Compare any two graphics cards:
Radeon HD 7870 vs Radeon R9 270
IntroThe Radeon HD 7870 features clock speeds of 1000 MHz on the GPU, and 1200 MHz on the 2048 MB of GDDR5 RAM. It features 1280 SPUs as well as 80 Texture Address Units and 32 ROPs.
Compare that to the Radeon R9 270, which comes with GPU core speed of 900 MHz, and 2048 MB of GDDR5 memory set to run at 1400 MHz through a 256-bit bus. It also is made up of 1280 SPUs, 80 TAUs, and 32 ROPs.
(No game benchmarks for this combination yet.)
Power Usage and Theoretical Benchmarks
Power Consumption (Max TDP)
As far as performance goes, the Radeon R9 270 should in theory be a bit better than the Radeon HD 7870 in general. (explain)
Texel RateThe Radeon HD 7870 should be just a bit (about 11%) faster with regards to AF than the Radeon R9 270. (explain)
Pixel RateThe Radeon HD 7870 should be just a bit (more or less 11%) faster with regards to AA than the Radeon R9 270, and also able to handle higher screen resolutions while still performing well. (explain)
Please note that the above 'benchmarks' are all just theoretical - the results were calculated based on the card's specifications, and real-world performance may (and probably will) vary at least a bit.
Please note that the price comparisons are based on search keywords - sometimes it might show cards with very similar names that are not exactly the same as the one chosen in the comparison. We do try to filter out the wrong results as best we can, though.
Memory Bandwidth: Memory bandwidth is the maximum amount of information (measured in MB per second) that can be transported over the external memory interface in one second. The number is worked out by multiplying the bus width by its memory clock speed. If the card has DDR type memory, the result should be multiplied by 2 once again. If DDR5, multiply by 4 instead. The higher the memory bandwidth, the better the card will be in general. It especially helps with AA, HDR and high resolutions.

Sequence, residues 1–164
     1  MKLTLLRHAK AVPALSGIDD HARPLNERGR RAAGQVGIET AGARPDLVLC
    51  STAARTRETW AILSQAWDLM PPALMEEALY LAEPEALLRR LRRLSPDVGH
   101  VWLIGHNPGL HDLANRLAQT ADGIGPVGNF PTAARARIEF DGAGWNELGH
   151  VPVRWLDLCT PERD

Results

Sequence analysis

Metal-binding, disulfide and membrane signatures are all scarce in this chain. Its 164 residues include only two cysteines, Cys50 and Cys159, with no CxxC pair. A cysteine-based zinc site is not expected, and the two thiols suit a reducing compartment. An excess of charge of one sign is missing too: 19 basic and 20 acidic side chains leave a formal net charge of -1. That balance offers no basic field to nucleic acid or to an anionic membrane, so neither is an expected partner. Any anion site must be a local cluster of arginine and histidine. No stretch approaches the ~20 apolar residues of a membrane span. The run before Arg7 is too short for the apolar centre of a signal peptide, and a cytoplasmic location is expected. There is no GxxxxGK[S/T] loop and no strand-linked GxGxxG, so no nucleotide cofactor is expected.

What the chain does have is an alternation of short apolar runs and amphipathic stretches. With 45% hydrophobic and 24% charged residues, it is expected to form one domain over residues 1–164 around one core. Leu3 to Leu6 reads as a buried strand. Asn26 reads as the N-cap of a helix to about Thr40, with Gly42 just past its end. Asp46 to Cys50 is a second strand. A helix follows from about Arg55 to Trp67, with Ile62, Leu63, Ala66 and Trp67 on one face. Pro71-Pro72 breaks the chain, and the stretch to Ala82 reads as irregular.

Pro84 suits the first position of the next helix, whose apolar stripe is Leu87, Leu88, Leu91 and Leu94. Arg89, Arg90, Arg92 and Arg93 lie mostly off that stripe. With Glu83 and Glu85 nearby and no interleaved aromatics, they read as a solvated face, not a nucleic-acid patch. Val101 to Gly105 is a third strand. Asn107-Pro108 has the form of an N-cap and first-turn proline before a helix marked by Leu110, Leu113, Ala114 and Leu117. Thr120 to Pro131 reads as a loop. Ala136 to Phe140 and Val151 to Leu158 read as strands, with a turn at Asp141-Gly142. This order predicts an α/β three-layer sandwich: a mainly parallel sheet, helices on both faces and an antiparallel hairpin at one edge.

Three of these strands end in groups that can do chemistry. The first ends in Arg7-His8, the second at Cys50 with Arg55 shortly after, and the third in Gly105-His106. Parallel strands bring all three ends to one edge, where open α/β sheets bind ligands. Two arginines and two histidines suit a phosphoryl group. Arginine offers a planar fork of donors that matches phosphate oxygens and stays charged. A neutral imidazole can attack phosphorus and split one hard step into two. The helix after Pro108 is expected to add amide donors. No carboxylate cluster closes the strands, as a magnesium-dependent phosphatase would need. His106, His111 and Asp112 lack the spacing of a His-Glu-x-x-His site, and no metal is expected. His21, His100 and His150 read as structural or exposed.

Texel Rate: Texel rate is the maximum amount of texture map elements (texels) that can be applied in one second. This is worked out by multiplying the total texture units by the core speed of the chip. The better the texel rate, the better the graphics card will be at handling texture filtering (anisotropic filtering - AF). It is measured in millions of texels processed in one second.
Pixel Rate: Pixel rate is the maximum number of pixels the video card can possibly record to the local memory per second - measured in millions of pixels per second. The number is calculated by multiplying the number of Raster Operations Pipelines by the the core speed of the card. ROPs (Raster Operations Pipelines - also called Render Output Units) are responsible for filling the screen with pixels (the image). The actual pixel rate is also dependant on quite a few other factors, especially the memory bandwidth of the card - the lower the bandwidth is, the lower the ability to get to the max fill rate.